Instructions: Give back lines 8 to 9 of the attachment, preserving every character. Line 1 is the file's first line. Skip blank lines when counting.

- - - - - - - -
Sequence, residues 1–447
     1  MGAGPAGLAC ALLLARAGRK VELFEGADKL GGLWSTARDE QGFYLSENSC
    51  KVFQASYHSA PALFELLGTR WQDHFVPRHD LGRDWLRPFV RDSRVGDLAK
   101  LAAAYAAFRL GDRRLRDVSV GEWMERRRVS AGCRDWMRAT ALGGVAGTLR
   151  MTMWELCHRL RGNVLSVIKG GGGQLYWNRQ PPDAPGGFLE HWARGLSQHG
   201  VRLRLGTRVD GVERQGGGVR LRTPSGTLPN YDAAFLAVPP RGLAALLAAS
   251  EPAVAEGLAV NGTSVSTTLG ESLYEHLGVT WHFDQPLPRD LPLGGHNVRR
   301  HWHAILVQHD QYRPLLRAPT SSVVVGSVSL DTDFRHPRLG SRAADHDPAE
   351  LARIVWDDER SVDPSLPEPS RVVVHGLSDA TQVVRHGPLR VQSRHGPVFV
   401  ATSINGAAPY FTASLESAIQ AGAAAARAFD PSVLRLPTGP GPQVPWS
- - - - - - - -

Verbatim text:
   301  HWHAILVQHD QYRPLLRAPT SSVVVGSVSL DTDFRHPRLG SRAADHDPAE
   351  LARIVWDDER SVDPSLPEPS RVVVHGLSDA TQVVRHGPLR VQSRHGPVFV